Animations are also less than stellar, especially considering this is a PS4 release, with characters commonly disappearing into each other. Some moments in particular brought things to a standstill, such as the Dealer’s shuffling animations or the loading screens that transitioned from the tabletop to battle arenas. Although much of the game works on a technical level, there are still too many bugs, glitches and laggy moments to ignore, and the combat isn’t nearly as responsive as it should be. The illusion is also broken up by a lack of character customization, so hopefully you like stocky, bearded men as your avatars.
However, these technical faults fade to the background as each encounter adds a new chapter to your story. Listening to the Dealer discuss various events, characters and other lore from the world is an experience akin to building a world with your friends during an old-fashioned match of D&D. Many of these experiences highlight the risk/reward nature of Hand of Fate, with many scenarios forcing you to think carefully before choosing your actions. For example, a glittering weapon caught my eye at the bottom of a canyon, and I was forced to decide if I should risk the climb down to claim it. Decisions such as these are made by choosing from four concealed cards that can spell success or failure, and these decisions often require quite a bit of luck to pull off without a hitch.
In fact, the luck aspect becomes crucial in later chapters, with bad runs of luck spelling disaster regardless of gear or gold. Hand of Fate manages to balance these encounters so that you’re not feeling cheated, meaning failure doesn’t always spell defeat. I managed to scrape my way through more than a few hairy moments and still scrounge up some gold as I licked my wounds. The difficulty is never too high, and only the last few levels are brutally challenging, but it only takes dying once to lose the entire round and have to start from scratch. It can be frustrating, but the game is so addictive that I either jumped right back in or waited a few minutes before the urge to strike out on another adventure hit me.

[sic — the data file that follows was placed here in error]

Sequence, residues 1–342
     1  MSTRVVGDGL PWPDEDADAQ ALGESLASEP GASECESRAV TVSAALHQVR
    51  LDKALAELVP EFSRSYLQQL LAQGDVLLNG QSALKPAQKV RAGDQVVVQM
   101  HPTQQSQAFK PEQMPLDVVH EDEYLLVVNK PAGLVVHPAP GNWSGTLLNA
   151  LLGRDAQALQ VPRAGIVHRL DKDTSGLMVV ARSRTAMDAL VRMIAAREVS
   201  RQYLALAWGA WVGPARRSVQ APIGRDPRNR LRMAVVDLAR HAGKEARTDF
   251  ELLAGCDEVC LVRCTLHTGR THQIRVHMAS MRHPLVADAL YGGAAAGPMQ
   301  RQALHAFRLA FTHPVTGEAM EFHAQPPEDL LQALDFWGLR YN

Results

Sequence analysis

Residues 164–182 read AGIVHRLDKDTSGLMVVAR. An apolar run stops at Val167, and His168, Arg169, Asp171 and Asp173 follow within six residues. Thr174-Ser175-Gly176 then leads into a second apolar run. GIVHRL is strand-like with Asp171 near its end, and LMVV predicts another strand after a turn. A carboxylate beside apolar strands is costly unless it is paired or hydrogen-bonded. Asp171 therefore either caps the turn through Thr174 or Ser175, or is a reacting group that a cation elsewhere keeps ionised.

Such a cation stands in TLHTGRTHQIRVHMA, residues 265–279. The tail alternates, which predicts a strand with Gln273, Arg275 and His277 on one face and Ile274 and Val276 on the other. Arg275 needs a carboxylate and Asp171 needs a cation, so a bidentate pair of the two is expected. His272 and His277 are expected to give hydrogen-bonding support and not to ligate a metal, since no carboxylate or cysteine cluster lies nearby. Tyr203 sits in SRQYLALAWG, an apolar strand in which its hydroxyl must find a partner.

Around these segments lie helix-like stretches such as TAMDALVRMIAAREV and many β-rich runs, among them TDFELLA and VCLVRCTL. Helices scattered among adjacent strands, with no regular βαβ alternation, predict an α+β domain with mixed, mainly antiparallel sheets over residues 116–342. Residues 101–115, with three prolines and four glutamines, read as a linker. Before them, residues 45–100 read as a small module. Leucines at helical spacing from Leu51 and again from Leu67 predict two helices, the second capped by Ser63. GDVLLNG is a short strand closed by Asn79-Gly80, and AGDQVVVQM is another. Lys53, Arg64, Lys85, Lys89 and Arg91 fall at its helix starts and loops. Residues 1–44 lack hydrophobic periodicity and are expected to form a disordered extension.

Beating the story mode unlocks an endless mode, setting up an infinite game between you and the Dealer that brings every card you’ve unlocked into play. Hand of Fate was meant to be played in small doses, and since each round can take anywhere from five minutes to an hour depending on how you play, it is a perfect example of how to make a game infinitely replayable. Just hours after I would quite a long session, I would find myself thinking back on my adventures and wanting to hop back in for another battle with the Dealer.
To be perfectly clear, Hand of Fate is far from a perfect game. There are far too many technical issues to ignore, and while the action segments are playable, they aren’t terribly fun and become repetitive quickly. But thanks to the incredible variety of encounter and weapon cards available to unlock and an infinitely changing game environment, there is more than enough to keep you coming back long after the story is complete. No two adventures are ever alike, and thanks to Hand of Fate‘s ridiculously addictive gameplay, you’ll never run out of stories to tell.
This review was based on a PlayStation 4 version of the game given to us for review purposes.
Although it's technically flawed in more than a few ways, Hand of Fate is an intriguing premise that delivers an old-fashioned choose-your-own-adventure style card game that's infinitely replayable.